Sisterhood, Slavery, and Sovereignty: Transnational Antislavery Work and Women's Rights Movements in the United States During the Twentieth Century
WOMEN'S RIGHTS AND TRANSATLANTIC ANTISLAVERY IN THE ERA OF EMANCIPATION, Kathryn Kish Sklar & James Brewer Stewart, eds., Yale University Press, pp. 19-54, 2007
Posted: 8 Oct 2007 Last revised: 1 Oct 2014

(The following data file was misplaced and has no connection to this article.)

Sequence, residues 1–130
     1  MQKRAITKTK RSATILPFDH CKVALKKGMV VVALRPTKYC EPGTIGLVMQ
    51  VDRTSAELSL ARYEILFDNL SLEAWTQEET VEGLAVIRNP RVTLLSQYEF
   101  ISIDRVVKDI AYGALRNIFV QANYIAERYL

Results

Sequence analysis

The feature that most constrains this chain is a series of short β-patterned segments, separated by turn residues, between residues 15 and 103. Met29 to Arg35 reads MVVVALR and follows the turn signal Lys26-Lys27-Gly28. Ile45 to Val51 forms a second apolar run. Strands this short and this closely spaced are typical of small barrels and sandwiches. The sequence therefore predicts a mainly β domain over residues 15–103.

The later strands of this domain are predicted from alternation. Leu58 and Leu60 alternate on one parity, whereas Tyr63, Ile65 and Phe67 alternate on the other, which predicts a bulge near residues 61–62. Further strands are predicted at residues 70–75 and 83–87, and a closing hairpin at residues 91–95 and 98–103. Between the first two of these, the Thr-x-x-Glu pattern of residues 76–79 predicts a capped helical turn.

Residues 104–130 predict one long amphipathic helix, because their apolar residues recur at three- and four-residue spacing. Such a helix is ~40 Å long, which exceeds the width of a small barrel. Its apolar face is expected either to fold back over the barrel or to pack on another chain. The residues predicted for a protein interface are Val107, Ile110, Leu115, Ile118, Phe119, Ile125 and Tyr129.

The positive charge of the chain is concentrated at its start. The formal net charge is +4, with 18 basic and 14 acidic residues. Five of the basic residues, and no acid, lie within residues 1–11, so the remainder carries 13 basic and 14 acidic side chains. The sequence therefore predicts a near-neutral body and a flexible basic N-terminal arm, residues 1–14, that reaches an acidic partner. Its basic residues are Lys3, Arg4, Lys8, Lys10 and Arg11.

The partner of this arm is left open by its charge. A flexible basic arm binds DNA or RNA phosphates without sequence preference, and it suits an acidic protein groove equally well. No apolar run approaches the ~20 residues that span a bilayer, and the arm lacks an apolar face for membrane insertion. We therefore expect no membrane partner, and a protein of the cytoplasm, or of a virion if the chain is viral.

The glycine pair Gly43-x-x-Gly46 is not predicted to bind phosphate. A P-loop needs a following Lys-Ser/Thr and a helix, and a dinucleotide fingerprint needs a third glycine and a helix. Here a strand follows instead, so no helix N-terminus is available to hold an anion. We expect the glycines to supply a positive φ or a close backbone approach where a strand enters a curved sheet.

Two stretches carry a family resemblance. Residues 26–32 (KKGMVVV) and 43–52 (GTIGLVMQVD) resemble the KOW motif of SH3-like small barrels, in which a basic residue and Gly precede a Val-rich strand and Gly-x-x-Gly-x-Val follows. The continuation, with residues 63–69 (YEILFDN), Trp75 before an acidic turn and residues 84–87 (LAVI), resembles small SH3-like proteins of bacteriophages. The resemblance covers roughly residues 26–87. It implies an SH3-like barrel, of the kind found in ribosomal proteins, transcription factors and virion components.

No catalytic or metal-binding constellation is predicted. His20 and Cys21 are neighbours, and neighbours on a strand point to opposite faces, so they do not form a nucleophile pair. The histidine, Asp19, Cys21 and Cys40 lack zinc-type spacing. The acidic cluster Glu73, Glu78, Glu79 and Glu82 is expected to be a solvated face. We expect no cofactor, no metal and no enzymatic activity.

This chapter is part of a book devoted to the history of women's work in anti-slavery movements, the centrality of slavery to the early women's rights movements, and the reliance by activists for gender equality on the analogy between women's oppression and slavery. My focus is on the relationship between sisterhood and slavery during the twentieth and twenty-first centuries. Despite many victories, the last centuries have not eradicated some of the horrors associated with the term slavery nor completed the project of equality for women. Deployment of the terms sisterhood and slavery remains useful because they mark the capacity of groups that lack formal power nonetheless to work powerful transformations of law and practice. These two words also denote the complexity of and the distinctions among the forms and content of emancipatory work. At times, the projects of gaining equality for persons regardless of their gender and race have been joined. At other points, women's equality rights have been seen as separate from and even conflicting with other movements aimed at furthering human dignity. Moreover, women's rights advocates have been challenged for failing to shape reforms inclusive of women of all classes and colors. And today, as in earlier centuries, advocates debate whether to pursue a singly-focused women's agenda (however complex the definition of its content) or to rely on what is now called mainstreaming (denoting an effort to redress inequality by inserting gender analyses into all forms of policy making). Throughout the eras considered in this volume, the interactions among actors based in different countries (called in the policy literature transnational advocacy networks or transnational norm entrepreneurs) have been instrumental in recognizing the dignity of all humans and in influencing agendas pursued by feminists domestically. I document these claims by exploring how, during the twentieth century, transnational women's rights groups used the term slavery and a broader understanding of the system of violence against women to redefine war crimes under international law, to organize legal opposition to trafficking in persons, and to change the understanding of the scope of human rights. Thereafter, I consider some of the effects of these movements on the official policies of the United States government. After acknowledging the noxiousness of slavery, this country began to participate in transnational efforts to stem trafficking in women, a form of slavery. But the United States has been slow to join other transnational work predicated on innovative understandings of the meaning of equality. The long road to women's voting rights in the United States parallels the country's hesitation to ratify and apply domestically the 1979 U.N. Convention to Eliminate All Forms of Discrimination Against Women. The analytic narrative that I offer and the comparisons drawn highlight that the idea of jurisdiction - of delineated and bounded authority - is doing a good deal of work throughout the centuries and the topics examined by contributors to this volume. Jurisdiction is central to slavery, as slave owners' dominion cut off slaves from rights enjoyed by other persons. Jurisdiction is a conceptual basis of the sex-gender system that insisted on distinct roles for women and men. Jurisdiction also marks the moment when trafficking occurs, as persons are moved from one nation to another. Further, within the United States, jurisdiction delineates state from federal authority; state prerogatives (their jurisdiction) have been repeatedly asserted within the United States as an argument against the use of national power to enact equality laws, be they aimed at ending slavery, empowering women victims of violence, or joining international agreements such as CEDAW aspiring to reconfigure women's status. And jurisdiction aptly denotes the effort to protect United States' law against assertions that its normative commitments to human dignity and equality entail obligations not yet understood as implicit in the Constitution.
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